grinning when he said it. "I like kids," he added.
I think people
who are kind-hearted and very intelligent often recognize that children
are truly fascinating little people. They are works in progress. They
often surprise adults, because they usually have no filters. Michael is
easily bored but he recognizes that children are the ultimate cure for
boredom, particularly bright ones.
Children also take a lof of energy, of course.
saw a figure lying asleep on a lounge chair by the pool last weekend -
sound asleep - and I recognized her as a friend of mine with 4 children,
1 being a baby. If you can nap at a busy pool, you are a tired lady.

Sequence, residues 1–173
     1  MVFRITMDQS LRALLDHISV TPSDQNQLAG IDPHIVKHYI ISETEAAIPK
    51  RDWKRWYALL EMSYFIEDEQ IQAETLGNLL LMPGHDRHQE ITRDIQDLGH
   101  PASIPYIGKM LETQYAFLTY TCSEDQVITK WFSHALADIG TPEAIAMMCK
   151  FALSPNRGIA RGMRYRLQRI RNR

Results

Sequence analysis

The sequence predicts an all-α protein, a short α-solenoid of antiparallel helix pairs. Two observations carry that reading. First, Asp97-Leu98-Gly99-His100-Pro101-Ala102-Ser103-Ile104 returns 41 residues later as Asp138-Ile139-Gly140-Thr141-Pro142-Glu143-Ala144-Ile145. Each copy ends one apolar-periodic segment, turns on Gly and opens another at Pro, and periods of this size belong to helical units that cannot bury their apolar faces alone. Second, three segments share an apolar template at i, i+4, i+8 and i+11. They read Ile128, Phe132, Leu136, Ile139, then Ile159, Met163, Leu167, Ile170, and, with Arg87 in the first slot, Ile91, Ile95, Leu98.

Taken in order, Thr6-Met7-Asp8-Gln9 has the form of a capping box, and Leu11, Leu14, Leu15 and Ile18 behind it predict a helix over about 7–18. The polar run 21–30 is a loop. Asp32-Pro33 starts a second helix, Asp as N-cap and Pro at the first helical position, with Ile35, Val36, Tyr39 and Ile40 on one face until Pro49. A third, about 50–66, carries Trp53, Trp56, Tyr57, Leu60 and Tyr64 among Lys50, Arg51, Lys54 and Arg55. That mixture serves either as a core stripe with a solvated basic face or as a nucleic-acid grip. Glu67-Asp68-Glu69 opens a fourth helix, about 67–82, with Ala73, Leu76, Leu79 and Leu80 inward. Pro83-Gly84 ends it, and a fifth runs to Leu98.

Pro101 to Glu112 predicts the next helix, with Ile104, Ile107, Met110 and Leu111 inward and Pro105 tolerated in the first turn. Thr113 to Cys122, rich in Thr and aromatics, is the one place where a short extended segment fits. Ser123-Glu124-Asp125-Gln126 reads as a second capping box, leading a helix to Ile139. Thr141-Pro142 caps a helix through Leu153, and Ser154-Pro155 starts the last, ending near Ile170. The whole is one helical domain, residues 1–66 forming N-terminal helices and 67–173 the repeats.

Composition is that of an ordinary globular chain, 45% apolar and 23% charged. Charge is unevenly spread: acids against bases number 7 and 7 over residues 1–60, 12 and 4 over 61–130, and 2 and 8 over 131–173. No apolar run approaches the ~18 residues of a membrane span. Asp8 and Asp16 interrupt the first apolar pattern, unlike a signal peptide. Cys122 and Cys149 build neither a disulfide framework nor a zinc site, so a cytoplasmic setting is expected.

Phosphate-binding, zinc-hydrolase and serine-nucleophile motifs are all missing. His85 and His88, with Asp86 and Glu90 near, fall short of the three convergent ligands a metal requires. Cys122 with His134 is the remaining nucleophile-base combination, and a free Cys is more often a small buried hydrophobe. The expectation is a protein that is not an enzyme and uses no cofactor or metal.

are enjoying a beautiful, breezy day today, and I am wishing I could be
lying by the pool. I have a doctor's appointment. Ugh.
I am praying my friends' daughters mature without putting their mamas thru more hell. BTDT and it stinks...
Above you see me when I was 6 years old. Mother had a little luncheon for me and 6 of my friends. Notice how cute all the other little girls are? How they all have on shoes? How none of them look stoned? Now look at me, on the far left, barefoot.
Trying to make me wear shoes in the summer was like trying to herd cats. Of course, Augusta Georgia is semi-tropical and 90-100 degree days are typical in July and August.
I was reminded of what a handfull I was when a friend posted on Facebook that he was driving his son to school and they got there and his son had no shoes on. I think he's a second grader [the son]. He was adopted from Kazakhstan and looks a bit like a tiny Michael, so I love to see the posted photos.
It reminded me of another story.